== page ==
Ricoh has developed a multispectral camera that can acquire 2D spectral information as well as chromaticity and other color information for a subject in real-time. And it’s all packaged in a unique configuration similar in size to an ordinary FA camera.
Multispectral camera features
A multispectral camera can acquire color information from a subject. Although systems using swappable color filters and prisms have been established as normal techniques for acquiring spectral information, with interchangeable color filters time to swap poses a barrier to real-time imaging. With prisms it’s to make the camera more compact.
Ricoh multispectral cameras use optical devices that can acquire spectral information in a single snapshot, together with image processor that generates an image for each set of the spectral band. As a result, spectral distribution and chromaticity for particular wavelengths can be computed in real-time. This makes it possible to precisely acquire the desired color information. In addition, color information can be acquired with a device similar in size to a conventional factory automation (FA) camera. Beyond use to detect subjects hard to distinguish from each other, our multispectral cameras can be used to inspect objects whose states change over time and to detect foreign matter. And in addition to FA, possible applications include the food, pharmaceutical, agricultural, and security industries.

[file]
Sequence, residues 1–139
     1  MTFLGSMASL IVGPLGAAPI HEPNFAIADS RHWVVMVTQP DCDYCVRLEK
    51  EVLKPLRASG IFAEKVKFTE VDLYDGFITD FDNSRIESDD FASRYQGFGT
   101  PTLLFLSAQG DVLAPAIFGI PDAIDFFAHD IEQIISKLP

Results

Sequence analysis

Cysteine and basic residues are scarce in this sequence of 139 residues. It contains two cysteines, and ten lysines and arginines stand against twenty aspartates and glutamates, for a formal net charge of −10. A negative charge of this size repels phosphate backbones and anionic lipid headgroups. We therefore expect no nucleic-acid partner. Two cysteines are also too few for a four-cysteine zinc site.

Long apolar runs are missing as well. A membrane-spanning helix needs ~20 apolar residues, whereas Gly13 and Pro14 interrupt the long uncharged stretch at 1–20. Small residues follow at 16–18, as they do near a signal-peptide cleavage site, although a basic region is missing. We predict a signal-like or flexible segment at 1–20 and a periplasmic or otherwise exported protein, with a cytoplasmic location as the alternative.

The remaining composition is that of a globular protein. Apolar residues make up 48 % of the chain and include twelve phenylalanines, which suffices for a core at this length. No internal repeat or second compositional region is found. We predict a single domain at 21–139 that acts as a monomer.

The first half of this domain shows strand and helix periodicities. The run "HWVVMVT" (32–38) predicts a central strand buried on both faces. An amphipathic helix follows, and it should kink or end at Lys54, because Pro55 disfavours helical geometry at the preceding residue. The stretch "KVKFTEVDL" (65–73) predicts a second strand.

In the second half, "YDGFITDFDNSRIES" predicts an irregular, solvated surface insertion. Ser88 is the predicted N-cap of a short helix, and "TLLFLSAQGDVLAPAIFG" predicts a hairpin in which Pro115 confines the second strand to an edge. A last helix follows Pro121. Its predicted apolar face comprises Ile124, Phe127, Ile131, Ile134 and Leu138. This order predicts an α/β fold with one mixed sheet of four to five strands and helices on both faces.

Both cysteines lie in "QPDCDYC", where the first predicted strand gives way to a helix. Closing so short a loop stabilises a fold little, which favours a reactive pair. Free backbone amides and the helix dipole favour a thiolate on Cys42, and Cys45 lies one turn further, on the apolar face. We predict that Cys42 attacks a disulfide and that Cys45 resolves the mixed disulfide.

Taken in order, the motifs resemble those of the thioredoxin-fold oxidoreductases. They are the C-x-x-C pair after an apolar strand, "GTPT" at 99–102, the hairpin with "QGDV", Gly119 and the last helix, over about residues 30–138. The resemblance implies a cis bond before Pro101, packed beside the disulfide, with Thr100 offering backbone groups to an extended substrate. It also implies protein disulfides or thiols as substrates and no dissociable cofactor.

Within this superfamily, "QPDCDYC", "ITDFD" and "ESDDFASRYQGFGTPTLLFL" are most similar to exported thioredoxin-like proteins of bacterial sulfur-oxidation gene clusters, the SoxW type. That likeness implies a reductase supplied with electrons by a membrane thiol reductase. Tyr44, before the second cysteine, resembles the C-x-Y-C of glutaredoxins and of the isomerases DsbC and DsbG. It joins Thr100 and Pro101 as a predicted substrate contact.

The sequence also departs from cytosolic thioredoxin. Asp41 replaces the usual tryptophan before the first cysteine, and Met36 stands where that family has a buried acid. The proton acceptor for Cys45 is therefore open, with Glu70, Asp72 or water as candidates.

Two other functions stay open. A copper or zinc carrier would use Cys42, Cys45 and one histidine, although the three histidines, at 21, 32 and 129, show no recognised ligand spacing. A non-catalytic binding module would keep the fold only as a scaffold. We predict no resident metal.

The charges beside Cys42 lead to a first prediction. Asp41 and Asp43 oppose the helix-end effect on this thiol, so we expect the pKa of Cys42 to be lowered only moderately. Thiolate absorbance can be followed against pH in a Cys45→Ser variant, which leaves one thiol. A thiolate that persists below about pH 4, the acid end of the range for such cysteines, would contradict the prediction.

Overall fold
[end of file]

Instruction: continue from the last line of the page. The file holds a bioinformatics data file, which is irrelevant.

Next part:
Overview of technology
The new multispectral cameras developed by Ricoh incorporate the following three technologies:
- A color filter that extracts multispectral information from an object
- A microlens array that distributes the multispectral information across sensor pixels
- An image processor that generates an image for each set of spectral information from the sensor image
Spectra and chromaticity are then computed from the multispectral information obtained in this way (see Figure 1).
Multispectral camera applications
Usage scenario 1: color inspection
By computing chromaticity, it becomes possible to conduct high-precision color inspections that outperform previous color photograph imaging inspections in which certain color determinations are impossible. Specifically, this technology can be used for color inspections of molded or painted products, and for surface color inspections of LCD, OLED, or other light-emitting displays.
Usage scenario 2: state awareness
The state of a subject (freshness, purity, disease severity) can be quantitatively evaluated in ways that were not possible with previous color photography. By taking spectral images of individual subjects, the sweetness of produce and the freshness of food can be quantitatively evaluated from information derived from minute differences in color.
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